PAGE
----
Aircraft lessor SMBC Aviation Capital is hoping to shrug off the effects of rising fuel prices by shifting to newer, more fuel-efficient aircraft.
The company had a record year of profitability last year, but profit growth slowed significantly, according to results released yesterday. Pre-tax profits grew 2.2pc to $319.4m (€270m), the company said.
Chief executive Peter Barrett said he was “not a big believer that everything has to go in a straight line”.
“The key story around this year is that we’re using a pretty good general market environment to really strengthen the business. While the balance sheet hasn’t really grown, our profitability has so we’re working our assets harder.”
The company had the second-highest year of aeroplane sales in its 17-year history, as it seeks to acquire a younger, more fuel-efficient fleet.
That will be a key selling point for aircraft lessors going forward with rising oil prices set to lift airlines’ fuel bills.
Dublin-based SMBC is owned by a consortium of Japanese businesses and received an equity injection of $1bn (€850m) from shareholders during the year to buy more aircraft.
The company was also active on the debt markets and said it had diversified its funding base.
Asked about the effect of rising interest rates on the company’s borrowing, Mr Barrett said SMBC had hedging arrangements in place to protect its margins and it expected to be able to continue these arrangements.
“I think as interest rates rise probably various borrowers around the world will not have that hedging… and that potentially will put people under pressure,” he said.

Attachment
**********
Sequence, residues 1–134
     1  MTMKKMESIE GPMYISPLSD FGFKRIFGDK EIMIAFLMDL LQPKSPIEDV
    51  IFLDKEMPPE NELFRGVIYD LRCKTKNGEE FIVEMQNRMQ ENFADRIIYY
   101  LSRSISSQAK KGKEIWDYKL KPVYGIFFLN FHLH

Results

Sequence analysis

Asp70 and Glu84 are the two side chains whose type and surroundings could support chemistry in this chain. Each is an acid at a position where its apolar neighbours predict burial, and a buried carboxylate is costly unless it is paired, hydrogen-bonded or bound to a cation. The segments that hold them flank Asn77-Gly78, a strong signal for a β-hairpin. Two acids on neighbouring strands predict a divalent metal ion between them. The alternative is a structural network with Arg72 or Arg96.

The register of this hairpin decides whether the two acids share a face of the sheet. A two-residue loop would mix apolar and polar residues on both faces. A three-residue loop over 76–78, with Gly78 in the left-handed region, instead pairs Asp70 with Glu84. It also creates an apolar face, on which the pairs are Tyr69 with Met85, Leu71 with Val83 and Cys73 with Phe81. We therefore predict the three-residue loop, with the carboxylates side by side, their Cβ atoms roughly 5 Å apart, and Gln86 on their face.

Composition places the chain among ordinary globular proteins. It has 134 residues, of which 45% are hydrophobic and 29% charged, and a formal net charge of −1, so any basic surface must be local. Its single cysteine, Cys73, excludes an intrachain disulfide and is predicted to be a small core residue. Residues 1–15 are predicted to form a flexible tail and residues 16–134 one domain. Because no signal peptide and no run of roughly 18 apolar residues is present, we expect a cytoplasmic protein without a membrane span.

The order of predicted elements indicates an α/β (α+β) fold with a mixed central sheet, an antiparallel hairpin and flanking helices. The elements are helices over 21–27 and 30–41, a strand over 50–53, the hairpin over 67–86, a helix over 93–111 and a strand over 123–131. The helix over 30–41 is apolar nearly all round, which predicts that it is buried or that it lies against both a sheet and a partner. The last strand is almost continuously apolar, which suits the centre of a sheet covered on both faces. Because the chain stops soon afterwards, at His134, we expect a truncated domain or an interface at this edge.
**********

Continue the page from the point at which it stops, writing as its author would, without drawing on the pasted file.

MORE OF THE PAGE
The turbulent geopolitical environment, from fears of a trade war to Italy’s new populist government, have sparked fears of a negative impact for companies like SMBC that do a lot of cross-border business.
“We keep a close eye on all those things… the trade war thing is something that we’re focused on, but I think the challenge is nobody really knows what form or what consequence a trade war might have,” Mr Barrett said.
He said that the company would evaluate any large M&A opportunities that came on the market. Market speculation has focused on the future of two of the world’s largest aircraft lessors, GECAS and Avolon, amid turbulence at each of those companies’ parents.
“We’ll always look at the opportunities that come our way. Ultimately we will do the deals that make sense for us and our strategy… we’re not going to do deals for deals’ sake or pursue scale for scale’s sake.
“It depends on how we see the fit and that will continue to be our approach.”